Asking prices and pending sales flatten, largely following an expected seasonal pattern, suggesting that homebuyer demand and sale prices may be peaking.
Key housing market takeaways for 400+ U.S. metro areas during the 4-week period ending April 4:
Note: Year-over-year comparisons in this report are more a reflection of the fact that this time last year stay-at-home-orders halted both home-buying and selling activity than of how the housing market has changed over the past year.
- The median home-sale price increased 17% year over year to $338,225, an all-time high.
- Asking prices of newly listed homes rose 16% year over year to $351,851, an all-time high, but were flat from the four-week period ending March 28. During the same period in 2019, asking prices rose 0.8%.
- Pending home sales were up 47% from the same period in 2020, and up 24% from the same period 2019, which was a more typical year for the housing market. Pending sales were essentially flat from the four-week period ending March 28, posting a 0.1% increase, the smallest since the four-week period ending January 17. Between the same periods in 2019, pending sales rose 5%.
- New listings of homes for sale were up 5% from the same period in 2020, and down 14% from the same period in 2019.
- Active listings (the number of homes listed for sale at any point during the period) fell 42% from the same period in 2020 to a new all-time low. This is the largest decrease on record in this data, which goes back through 2016.
- 59% of homes that went under contract had an accepted offer within the first two weeks on the market. This is a new all-time high for this measure since at least 2012 (as far back as Redfin’s data for this measure goes). During the 7-day period ending April 4, 58% of homes sold in two weeks or less.
- 46% of homes that went under contract had an accepted offer within one week of hitting the market, an all-time high and up from 30% during the same period a year earlier.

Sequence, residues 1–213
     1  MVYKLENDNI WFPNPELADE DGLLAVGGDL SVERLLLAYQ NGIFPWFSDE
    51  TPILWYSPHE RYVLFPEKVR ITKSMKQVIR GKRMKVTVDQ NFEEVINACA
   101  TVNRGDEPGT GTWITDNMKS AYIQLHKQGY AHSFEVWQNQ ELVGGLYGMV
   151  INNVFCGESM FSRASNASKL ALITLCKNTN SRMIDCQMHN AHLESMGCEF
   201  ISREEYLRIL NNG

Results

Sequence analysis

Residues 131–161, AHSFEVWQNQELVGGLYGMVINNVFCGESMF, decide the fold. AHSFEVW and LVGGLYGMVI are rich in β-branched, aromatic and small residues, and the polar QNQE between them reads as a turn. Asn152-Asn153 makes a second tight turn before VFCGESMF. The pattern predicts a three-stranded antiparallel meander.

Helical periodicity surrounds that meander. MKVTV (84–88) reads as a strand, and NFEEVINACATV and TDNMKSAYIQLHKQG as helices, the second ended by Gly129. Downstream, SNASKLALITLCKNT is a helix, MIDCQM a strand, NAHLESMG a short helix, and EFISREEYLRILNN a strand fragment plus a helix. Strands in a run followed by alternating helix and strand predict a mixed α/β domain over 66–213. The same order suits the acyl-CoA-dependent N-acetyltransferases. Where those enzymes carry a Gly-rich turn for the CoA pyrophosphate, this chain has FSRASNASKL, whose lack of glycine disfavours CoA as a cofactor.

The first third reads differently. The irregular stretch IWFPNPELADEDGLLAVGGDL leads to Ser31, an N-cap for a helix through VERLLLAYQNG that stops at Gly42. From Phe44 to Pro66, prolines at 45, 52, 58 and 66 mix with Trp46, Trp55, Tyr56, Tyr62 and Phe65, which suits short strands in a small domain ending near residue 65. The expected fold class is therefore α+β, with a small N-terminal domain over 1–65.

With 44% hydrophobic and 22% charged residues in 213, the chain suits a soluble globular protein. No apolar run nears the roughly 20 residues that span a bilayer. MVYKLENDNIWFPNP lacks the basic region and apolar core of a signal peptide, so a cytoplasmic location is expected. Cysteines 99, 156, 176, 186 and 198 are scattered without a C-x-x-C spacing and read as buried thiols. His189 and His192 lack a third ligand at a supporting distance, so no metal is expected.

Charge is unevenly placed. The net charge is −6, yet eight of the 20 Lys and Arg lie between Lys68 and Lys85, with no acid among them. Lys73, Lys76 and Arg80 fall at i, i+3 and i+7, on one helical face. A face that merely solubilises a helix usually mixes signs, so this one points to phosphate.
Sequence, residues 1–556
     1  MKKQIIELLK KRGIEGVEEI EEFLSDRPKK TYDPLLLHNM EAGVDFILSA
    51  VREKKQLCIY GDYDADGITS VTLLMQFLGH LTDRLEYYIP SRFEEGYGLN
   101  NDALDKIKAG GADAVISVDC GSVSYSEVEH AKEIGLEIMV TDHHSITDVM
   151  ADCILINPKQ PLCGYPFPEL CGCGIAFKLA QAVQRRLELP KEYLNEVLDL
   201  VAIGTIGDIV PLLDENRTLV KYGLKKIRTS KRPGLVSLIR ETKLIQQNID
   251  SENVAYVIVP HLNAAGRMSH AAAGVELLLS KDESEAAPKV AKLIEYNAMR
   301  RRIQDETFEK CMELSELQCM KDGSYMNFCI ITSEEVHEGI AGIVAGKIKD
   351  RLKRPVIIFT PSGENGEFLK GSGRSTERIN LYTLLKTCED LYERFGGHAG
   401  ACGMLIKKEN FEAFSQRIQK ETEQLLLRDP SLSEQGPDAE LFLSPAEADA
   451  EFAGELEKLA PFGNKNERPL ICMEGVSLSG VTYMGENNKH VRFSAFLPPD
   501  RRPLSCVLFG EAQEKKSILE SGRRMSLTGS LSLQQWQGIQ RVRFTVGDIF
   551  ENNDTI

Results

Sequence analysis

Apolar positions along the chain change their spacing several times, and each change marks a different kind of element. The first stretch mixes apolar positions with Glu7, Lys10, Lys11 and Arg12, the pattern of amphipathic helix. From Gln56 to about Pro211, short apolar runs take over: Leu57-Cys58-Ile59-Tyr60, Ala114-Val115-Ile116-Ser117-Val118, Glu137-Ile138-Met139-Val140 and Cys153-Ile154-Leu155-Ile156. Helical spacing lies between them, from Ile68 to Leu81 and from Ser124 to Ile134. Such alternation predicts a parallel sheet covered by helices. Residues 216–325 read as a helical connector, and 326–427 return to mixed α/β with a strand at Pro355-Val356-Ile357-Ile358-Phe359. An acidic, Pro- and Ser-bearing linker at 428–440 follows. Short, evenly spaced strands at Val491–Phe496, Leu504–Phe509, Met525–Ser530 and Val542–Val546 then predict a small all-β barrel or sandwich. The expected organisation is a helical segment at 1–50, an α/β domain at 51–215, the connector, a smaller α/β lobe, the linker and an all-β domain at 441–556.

- Homes that sold during the period were on the market for a median of 25 days, the lowest time on market on record since 2012. This was 15 days less than the same period in 2020, and 22 days less than the same period in 2019.
- 42% of homes sold for more than their list price, an all-time high. This was 16 percentage points higher than the same period a year earlier, and 20 points higher than the same period in 2019.
- The average sale-to-list price ratio, which measures how close homes are selling to their asking prices, increased to 100.5%, an all-time high and 2 percentage points higher than a year earlier.
- For the 7-day period ending April 4, the seasonally adjusted Redfin Homebuyer Demand Index—a measure of requests for home tours and other services from Redfin agents—was up 147% from the same period a year ago, when housing demand was near the lowest point it would hit during the pandemic. Compared with the same one week period in 2019, demand is up 57%. Week-over-week, demand was down 2.1%, compared to a 1.3% increase during the same period in 2019.
- Mortgage purchase applications decreased 5% week over week (seasonally adjusted) and were up 51% from a year earlier (unadjusted) during the week ending April 2. For the week ending April 8, 30-year mortgage rates decreased slightly to 3.13%.
“The housing market is more competitive than we’ve ever seen it, but a couple indicators are causing us to ask whether we’re nearing a peak in terms of how fast demand and prices can grow,” said Redfin Chief Economist Daryl Fairweather. “Sellers’ asking prices may be starting to flatten in what so far appears to follow a typical seasonal pattern. And the drop in mortgage purchase applications tells me that some buyers are dropping out due to the lack of affordable homes for sale. If these trends continue we can feel more assured that we are not in the midst of runaway home price speculation or a housing bubble.”
Refer to our metrics definition page for explanations of all the metrics used in this report.